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# Heavy Support

This tutorial demonstrates how to model a tunnel with much more serious stability problems than you saw in Tutorial 1 - RockSupport Quick Start.

Topics covered in this tutorial:

• Carranza-Torres Solution Method
• Deterministic Analysis
• Tunnel and Rock Parameters

Finished Product:

The finished product of this tutorial can be found in the Tutorial 02 Heavy Support.rsp file, located in the Examples > Tutorials folder in your RocSupport installation folder.

## 1.0 Introduction

This tutorial demonstrates how to model a tunnel with much more serious stability problems than you saw in Tutorial 1 - RockSupport Quick Start, requiring heavier support. The Carranza-Torres solution method will be used to determine the Ground Reaction Curve. Analysis will be Deterministic (all parameters assumed to be exactly known).

The model used in the analysis is a 10 meter diameter tunnel is to be constructed at a depth of 75 meters in a rock mass whose strength is defined by the Hoek-Brown criterion with an intact rock strength σci = 4 Mpa, constant mi = 12 and a Geological Strength Index = 17.

## 2.0 Model Creation

If you have not already done so, run RocSupport by double-clicking on the RocSupport icon in your installation folder or by selecting Programs > Rocscience > RocSupport > RocSupport on the Start menu. If the RocSupport application window is not already maximized, maximize it now, so that the full screen is available for viewing the model.

To begin creating the model:

Select: File > New

When a new file is created, the Ground Reaction View is displayed. The view shows the Ground Reaction Curve based on the default Tunnel and Rock Parameters.

### 2.1 PROJECT SETTINGS

For this example, we will use the Carranza-Torres solution method, which must be selected in the Project Settings dialog.

1. Select Project Settings on the toolbar or the Analysis menu.
2. In the General tab, set Solution Method = Carranza-Torres (2004).
3. In the Project Summary tab, enter Tutorial 2 Heavy Support as the Project Title.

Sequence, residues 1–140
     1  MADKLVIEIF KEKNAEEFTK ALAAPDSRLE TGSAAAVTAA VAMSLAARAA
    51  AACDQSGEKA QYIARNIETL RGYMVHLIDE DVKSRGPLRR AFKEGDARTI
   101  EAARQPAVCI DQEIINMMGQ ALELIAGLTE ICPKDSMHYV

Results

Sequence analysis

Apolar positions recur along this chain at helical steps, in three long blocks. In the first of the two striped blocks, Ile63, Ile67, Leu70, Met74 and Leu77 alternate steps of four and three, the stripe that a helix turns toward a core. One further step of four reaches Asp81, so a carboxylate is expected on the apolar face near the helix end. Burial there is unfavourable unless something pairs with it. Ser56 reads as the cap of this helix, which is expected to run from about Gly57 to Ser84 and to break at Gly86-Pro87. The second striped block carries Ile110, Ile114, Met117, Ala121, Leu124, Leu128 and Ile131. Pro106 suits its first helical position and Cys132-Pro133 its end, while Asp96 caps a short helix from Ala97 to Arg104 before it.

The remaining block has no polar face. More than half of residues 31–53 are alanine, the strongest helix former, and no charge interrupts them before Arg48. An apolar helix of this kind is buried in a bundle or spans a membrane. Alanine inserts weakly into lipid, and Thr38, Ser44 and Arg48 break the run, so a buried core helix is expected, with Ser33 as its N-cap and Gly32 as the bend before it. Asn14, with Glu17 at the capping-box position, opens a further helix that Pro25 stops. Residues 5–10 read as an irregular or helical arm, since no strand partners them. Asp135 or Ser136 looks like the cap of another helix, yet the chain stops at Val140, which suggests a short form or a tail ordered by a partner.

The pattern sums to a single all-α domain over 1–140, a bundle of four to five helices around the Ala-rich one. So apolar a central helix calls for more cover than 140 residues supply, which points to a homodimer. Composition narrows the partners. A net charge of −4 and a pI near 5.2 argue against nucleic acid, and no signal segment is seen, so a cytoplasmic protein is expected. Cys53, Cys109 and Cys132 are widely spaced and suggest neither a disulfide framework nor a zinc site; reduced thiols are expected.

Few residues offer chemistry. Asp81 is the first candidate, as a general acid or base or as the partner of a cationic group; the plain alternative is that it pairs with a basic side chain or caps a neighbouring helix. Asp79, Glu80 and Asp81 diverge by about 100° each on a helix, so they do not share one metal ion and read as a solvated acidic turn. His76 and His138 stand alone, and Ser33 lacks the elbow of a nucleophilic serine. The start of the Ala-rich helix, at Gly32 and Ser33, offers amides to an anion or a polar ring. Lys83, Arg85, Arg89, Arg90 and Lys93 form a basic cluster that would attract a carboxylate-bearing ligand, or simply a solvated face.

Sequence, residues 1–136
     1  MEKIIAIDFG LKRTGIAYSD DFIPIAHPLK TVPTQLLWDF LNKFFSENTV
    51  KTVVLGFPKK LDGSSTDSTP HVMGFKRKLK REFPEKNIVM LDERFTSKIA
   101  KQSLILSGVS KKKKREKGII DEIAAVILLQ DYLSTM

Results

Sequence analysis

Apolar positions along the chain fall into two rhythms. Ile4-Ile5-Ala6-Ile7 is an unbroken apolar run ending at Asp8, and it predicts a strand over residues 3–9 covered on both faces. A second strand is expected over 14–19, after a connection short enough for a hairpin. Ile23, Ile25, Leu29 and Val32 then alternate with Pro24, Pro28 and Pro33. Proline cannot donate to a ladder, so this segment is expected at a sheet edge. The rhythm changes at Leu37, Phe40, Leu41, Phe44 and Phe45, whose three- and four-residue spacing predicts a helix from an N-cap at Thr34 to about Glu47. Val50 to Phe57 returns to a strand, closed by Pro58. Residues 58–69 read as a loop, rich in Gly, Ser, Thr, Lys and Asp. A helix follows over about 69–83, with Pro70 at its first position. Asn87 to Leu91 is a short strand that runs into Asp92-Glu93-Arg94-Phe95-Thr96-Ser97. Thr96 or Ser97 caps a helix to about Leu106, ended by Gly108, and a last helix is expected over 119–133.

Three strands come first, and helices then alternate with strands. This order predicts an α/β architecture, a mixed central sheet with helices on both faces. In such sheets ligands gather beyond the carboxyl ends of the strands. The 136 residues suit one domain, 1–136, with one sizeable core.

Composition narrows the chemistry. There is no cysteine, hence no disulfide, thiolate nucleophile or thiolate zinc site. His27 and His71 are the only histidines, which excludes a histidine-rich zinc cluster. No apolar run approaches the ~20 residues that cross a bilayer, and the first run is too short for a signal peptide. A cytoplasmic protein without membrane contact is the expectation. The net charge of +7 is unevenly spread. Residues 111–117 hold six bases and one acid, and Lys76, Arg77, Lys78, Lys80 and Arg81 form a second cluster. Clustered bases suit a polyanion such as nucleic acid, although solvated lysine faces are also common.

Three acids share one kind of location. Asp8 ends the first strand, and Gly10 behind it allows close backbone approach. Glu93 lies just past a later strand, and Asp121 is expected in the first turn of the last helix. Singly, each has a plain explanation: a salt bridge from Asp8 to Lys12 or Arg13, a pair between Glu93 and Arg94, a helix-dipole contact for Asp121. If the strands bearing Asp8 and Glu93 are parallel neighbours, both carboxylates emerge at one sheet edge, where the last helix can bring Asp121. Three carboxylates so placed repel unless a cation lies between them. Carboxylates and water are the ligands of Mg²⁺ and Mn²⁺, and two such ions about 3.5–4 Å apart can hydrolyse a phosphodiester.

4. Click OK.

### 2.2 TUNNEL AND ROCK PARAMETERS

Recall that Tutorial 1 used the Duncan Fama Solution Method and, therefore, the Mohr-Coulomb failure criterion. The Carranza-Torres (2004) solution method uses the Hoek-Brown failure criterion to determine the Ground Reaction Curve and plastic zone radius.

• Select Tunnel and Rock Parameters from the toolbar or the Analysis menu.
The Tunnel and Rock Parameters dialog opens.

Our tunnel diameter is 10 meters, so the default Tunnel Radius of 5 meters is already correct and does not need to be changed.

#### 2.2.1 In-Situ Stress

The In-Situ Stress can be estimated from the Tunnel Depth.

1. Select the Estimate button beside the In-Situ Stress edit box.
The Estimate In-Situ Stress dialog appears.
2. Enter Tunnel Depth = 75 meters.
The estimated In-Situ Stress is 2.025 MPa.
3. Click OK.
The In-Situ Stress in the Tunnel and Rock Parameters dialog should now be 2.025.

#### 2.2.2 Rock Parameters

1. Back in the Tunnel and Rock Parameters dialog, enter the following:
• Intact Compressive Strengthci) = 4MPa
• GSI = 17
• Intact Rock Constant mi = 12

NOTE: Built-in tables for selection of appropriate mi , GSI, intact UCS and D can be accessed by selecting the “pick” buttons in the Tunnel and Rock Parameters dialog. This is left as an optional exercise for the user to explore. See the previous tutorial for a discussion of these tables.

1. Click the Calculator icon beside the Young’s Modulus of Rock Mass edit box to calculate the Young’s Modulus of Rock Mass according to the Modulus Estimation Method specified in the Project Settings dialog.
The value should now be 299 MPa. For help on this parameter, see RocSupport Modulus Estimation Method Setting.
2. Click Apply to save your settings and run the analysis.
3. Click Close.

## 3.0 Analysis Results (No Support)

The Ground Reaction Curve should appear as follows.

Note the Tunnel Final Convergence is 13.2%. This is a very high value of Tunnel Convergence. A tunnel with these input parameters would have very serious stability problems. Very heavy support, installed as close as possible to the advancing face, would be necessary.

Now we'll look at the model through the Tunnel Section View.

• Select Tunnel Selection on the toolbar or Analysis menu.

Notice the very large Radius of Plastic Zone (26.4 m) around the unsupported tunnel.

Now we'll add supports, using the Support Parameters dialog. Let’s start with I section steel sets (254 mm depth, 10450 mm2 area, weighing 82 kg / m), spaced at 1.5 m, and installed at a distance of 3 m from the face.